What does the Bible say about sibling rivalry and how can I get my kids to get along? (Part 2)

May 29, 2008 by  
Filed under Getting Kids to Get Along

It's only fair to share...Share on FacebookShare on LinkedInPin on PinterestTweet about this on TwitterEmail this to someoneShare on StumbleUponShare on TumblrShare on Google+

If anyone says, “I love God,” yet hates his brother, he is a liar. For anyone who does not love his brother, whom he has seen, cannot love God, whom he has not seen. (1 John 4: 20)

Years ago while I was reading through the Bible book of 1 John, I suddenly saw how this verse was relevant for parenting and my family life.

The Apostle John states that if you do not love your Christian brother you do not love God. Why? Simple, it’s easier to love someone that you can see than it is to love God who you cannot see.

The principle involved is that we all must walk before we run, the simple before the difficult.

So I called a family meeting and explained this verse and then applied the principle to our family.

If we cannot love (get along with, share, talk nicely etc.) with our brothers and sisters who we live with and are closest to, it is not likely that we are able to properly love anyone outside our home.

We think we can but we can’t. Siblings tend to think that they do not get along with their brothers and sisters because their siblings are just stupid or difficult. The fact that they get along just fine with their friends seems to reinforce this idea.

Unfortunately they are missing a large piece of the logic puzzle. They do not live with their friends. The truth is, if they had to live with their friends they would start having the same problems with them that they are having with their siblings.

The same relational skills needed to run a successful sibling relationship and resolve family conflicts are the same ones needed to run great friendships.

God meant for the sibling relationship to be the test dummy for all other peer relationships.

This is how we prepare our children for successful friendships and even a successful marriage. If they learn and practice the relational skills needed to get along with their siblings, they will possess the basic skills for making a marriage work. Unfortunately, the reverse of this parenting advice is also true.

I went on to explain to my children that knowing how to love and get along with others would make their lives much more wonderful and they agreed that getting along feels better than fighting.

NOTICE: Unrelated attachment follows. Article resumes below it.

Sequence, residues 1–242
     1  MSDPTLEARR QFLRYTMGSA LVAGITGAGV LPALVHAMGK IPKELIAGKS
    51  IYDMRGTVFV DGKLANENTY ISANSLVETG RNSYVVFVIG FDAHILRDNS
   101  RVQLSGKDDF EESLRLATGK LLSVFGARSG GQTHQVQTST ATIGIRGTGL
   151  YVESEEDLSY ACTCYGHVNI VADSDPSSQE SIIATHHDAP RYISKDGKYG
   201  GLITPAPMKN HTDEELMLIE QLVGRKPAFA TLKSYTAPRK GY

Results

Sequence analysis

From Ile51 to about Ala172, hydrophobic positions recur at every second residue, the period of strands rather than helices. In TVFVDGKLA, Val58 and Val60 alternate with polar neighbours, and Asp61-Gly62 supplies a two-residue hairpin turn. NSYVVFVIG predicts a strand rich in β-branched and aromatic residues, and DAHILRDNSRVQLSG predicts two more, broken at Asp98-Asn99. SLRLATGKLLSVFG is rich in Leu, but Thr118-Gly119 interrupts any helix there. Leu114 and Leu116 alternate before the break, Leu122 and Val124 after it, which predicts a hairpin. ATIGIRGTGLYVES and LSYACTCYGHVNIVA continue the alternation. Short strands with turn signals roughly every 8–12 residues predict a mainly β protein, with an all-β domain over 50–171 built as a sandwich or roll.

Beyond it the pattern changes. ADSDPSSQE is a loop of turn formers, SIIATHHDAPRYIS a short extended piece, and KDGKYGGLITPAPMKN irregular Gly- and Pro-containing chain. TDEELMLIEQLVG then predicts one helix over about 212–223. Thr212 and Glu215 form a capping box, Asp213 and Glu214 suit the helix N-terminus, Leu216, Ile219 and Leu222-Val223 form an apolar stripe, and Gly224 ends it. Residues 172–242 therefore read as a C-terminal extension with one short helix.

So I followed the family meeting up with a family commitment and a family motto.

In Proverbs 20:3 God says that it is an honor to avoid strife and that only fools quarrel. So we agreed and made a commitment that as a family we were going to get rid of strife (fighting, unkind words, complaining etc) and we were going to learn to get along.

We agreed that our motto would be, ‘Our family is a loving family.’

The family meeting, when used to get everyone in agreement regarding your home values, is one of the most powerful Christian parenting, family tools I know. Here is the parenting tip, once life happens and things get difficult, you can remind everyone involved of the discussion and their agreement to it, quote the motto and move forward from there.

This whole process didn’t take much longer than it would take to read a couple of Bible stories but it laid a strong foundation that we eventually built strife free sibling relationships on. Of course, laying this foundation was just the starting point, next came the instruction and training. We’ll get started on the parenting skills needed for that in my next blog. (part 3)

For more practical day-to-day ideas for strengthening your family relationships and making your home a ‘Home Sweet Home’ we recommend the Christian resource, “The Seven Mistakes Parents of Toddlers Make”





(RICK OSBORNE / Christian Author, Speaker & Dad – your source for Christian Parenting advice)